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Re: Government Big Projects..... and how they can go wrong

I should point out that Hinkley C isn't a Chinese reactor - it's a French reactor. EDF stands for "Électricité de France", and the firm is also the world's biggest producer of electricity. I think the background to how the Chinese got involved in Hinkley was that Centrica (owners of British Gas) had a 20% stake in the Hinkley project for several years. Centrica was rather a strange partner to have in a nuclear power plant project, as they are predominantly associated with natural gas, and might be expected to have a vested interest in nuclear projects not actually going ahead. Centrica pulled out of the Hinkley project in early 2013 and EDF had to look for a substitute, and some Chinese companies then came in to replace Centrica. There is the possibility of a Chinese reactor being built in the UK in a few years time (at Bradwell in Essex), but that isn't a formality, as they would have to get their design accepted by the UK's nuclear regulator (and quite a few international nuclear firms seem to have pulled out after dealing with the UK's nuclear regulator).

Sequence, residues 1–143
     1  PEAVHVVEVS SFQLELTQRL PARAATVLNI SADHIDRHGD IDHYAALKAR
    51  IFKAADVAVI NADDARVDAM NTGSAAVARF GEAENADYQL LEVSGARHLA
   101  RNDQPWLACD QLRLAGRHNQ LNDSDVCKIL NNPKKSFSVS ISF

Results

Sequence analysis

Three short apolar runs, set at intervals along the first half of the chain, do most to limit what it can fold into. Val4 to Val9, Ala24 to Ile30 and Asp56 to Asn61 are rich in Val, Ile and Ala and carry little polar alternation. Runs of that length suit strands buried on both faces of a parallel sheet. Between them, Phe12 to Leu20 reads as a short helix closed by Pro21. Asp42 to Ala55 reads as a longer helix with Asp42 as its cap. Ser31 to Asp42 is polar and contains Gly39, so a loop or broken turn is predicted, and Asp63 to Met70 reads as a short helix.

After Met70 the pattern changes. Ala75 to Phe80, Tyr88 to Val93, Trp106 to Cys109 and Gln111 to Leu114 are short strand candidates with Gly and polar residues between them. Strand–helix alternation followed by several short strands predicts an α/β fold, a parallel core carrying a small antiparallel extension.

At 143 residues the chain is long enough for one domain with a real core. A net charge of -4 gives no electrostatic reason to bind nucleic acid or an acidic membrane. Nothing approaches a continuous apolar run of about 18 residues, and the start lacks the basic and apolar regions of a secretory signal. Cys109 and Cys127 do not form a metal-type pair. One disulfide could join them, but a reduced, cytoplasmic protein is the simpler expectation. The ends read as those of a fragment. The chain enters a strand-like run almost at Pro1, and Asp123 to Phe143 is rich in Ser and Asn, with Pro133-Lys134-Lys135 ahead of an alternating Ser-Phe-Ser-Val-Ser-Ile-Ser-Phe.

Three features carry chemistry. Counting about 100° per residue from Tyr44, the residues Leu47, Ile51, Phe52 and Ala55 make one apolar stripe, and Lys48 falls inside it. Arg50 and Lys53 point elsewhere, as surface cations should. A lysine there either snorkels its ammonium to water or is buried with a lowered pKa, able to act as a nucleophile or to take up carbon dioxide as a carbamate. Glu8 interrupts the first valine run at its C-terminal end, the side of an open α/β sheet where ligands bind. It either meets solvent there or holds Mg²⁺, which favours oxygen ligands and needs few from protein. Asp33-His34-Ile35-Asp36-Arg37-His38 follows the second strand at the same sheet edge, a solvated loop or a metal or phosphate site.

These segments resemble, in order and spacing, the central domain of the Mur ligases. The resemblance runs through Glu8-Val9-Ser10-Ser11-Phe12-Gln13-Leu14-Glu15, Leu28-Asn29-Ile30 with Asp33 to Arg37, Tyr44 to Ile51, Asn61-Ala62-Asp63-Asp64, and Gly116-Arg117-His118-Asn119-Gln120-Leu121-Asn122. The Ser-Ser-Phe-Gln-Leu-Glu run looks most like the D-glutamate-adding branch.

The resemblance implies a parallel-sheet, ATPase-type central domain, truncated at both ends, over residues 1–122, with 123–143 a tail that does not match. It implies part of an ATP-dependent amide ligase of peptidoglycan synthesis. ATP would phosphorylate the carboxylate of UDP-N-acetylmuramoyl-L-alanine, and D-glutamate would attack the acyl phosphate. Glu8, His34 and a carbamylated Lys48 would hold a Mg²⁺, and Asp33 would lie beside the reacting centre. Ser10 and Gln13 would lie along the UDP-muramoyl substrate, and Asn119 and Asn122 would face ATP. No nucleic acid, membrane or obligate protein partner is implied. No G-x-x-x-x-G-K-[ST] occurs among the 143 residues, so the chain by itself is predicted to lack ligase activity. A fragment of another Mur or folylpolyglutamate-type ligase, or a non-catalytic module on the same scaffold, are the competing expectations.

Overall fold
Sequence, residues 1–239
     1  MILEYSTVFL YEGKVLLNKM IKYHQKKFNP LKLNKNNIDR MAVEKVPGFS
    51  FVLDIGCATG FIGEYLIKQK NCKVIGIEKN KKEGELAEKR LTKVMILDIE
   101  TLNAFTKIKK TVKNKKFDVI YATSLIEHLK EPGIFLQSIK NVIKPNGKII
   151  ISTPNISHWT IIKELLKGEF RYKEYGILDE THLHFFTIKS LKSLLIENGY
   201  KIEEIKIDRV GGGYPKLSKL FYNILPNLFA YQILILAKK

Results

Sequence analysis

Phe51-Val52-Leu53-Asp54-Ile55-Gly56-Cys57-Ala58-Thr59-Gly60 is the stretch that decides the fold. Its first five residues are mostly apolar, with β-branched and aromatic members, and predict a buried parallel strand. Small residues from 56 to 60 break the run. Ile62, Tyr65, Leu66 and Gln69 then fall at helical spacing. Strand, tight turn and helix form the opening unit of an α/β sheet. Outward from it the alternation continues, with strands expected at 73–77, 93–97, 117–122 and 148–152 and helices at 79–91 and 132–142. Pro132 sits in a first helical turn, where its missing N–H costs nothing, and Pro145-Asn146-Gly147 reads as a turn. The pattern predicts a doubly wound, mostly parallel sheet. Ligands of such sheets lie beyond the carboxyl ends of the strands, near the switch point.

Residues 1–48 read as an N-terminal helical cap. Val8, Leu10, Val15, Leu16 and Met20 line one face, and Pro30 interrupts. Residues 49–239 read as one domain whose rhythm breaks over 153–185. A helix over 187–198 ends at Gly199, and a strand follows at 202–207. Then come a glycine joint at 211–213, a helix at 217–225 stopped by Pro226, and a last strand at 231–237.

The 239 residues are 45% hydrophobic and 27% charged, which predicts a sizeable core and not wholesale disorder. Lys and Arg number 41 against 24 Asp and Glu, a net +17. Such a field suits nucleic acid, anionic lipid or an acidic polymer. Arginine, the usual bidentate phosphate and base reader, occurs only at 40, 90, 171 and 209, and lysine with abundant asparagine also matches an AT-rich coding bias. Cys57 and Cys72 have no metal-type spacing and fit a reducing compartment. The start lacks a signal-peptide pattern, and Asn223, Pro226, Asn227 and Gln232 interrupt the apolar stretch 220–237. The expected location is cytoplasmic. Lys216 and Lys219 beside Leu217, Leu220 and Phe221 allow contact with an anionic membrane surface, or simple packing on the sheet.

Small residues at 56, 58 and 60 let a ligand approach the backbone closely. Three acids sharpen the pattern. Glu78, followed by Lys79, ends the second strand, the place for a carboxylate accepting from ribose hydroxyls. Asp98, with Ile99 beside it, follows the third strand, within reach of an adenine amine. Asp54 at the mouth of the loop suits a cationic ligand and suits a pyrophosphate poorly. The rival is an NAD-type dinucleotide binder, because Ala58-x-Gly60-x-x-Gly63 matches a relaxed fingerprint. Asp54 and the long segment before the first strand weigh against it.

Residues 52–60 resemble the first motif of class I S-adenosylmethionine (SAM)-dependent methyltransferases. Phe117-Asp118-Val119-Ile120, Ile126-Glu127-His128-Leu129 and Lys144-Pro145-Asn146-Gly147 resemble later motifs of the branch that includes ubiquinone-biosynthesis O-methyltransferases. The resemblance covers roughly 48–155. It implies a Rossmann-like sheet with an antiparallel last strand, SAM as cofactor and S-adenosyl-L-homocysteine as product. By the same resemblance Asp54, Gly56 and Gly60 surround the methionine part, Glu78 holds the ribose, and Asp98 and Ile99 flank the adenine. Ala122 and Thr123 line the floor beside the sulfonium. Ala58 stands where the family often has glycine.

But the way the Lib Dems have set up the Hinkley C project, you don't really have to worry about a St Helena airport-type fiasco occurring. The Hinkley project is actually set up from the outset as though such a fiasco might occur. The UK taxpayer doesn't pay for the construction of Hinkley C, only for the high priced electricity that eventually comes out of it. If the project got into major difficulties, like say taking 20 years to build or hardly any electricity being generated when it became operational, those costs would not be met by the UK taxpayer (I'm not sure who would be paying, it might mainly be French and Chinese taxpayers).

I'm not quite sure what was going on a while back when Theresa May decided to hold up the Hinkley C project for about a month or so. UK financial and business journalists all seemed to think the project was going to be cancelled, which I thought myself was unlikely, but those sort of journalists were also unable to forsee the EU Referendum result. I speculated in the Hinkley Point Big Numbers thread that Theresa May might be intervening to reduce the £92.50/MWh electricity price figure (the price for the equivalent of the Hinkley C design in France, at Flamanville, is reputed to be less than £60/MWh), but that didn't happen. It looks like May might have held things up simply because she didn't trust people like David Cameron, George Osborne and Ed Davey.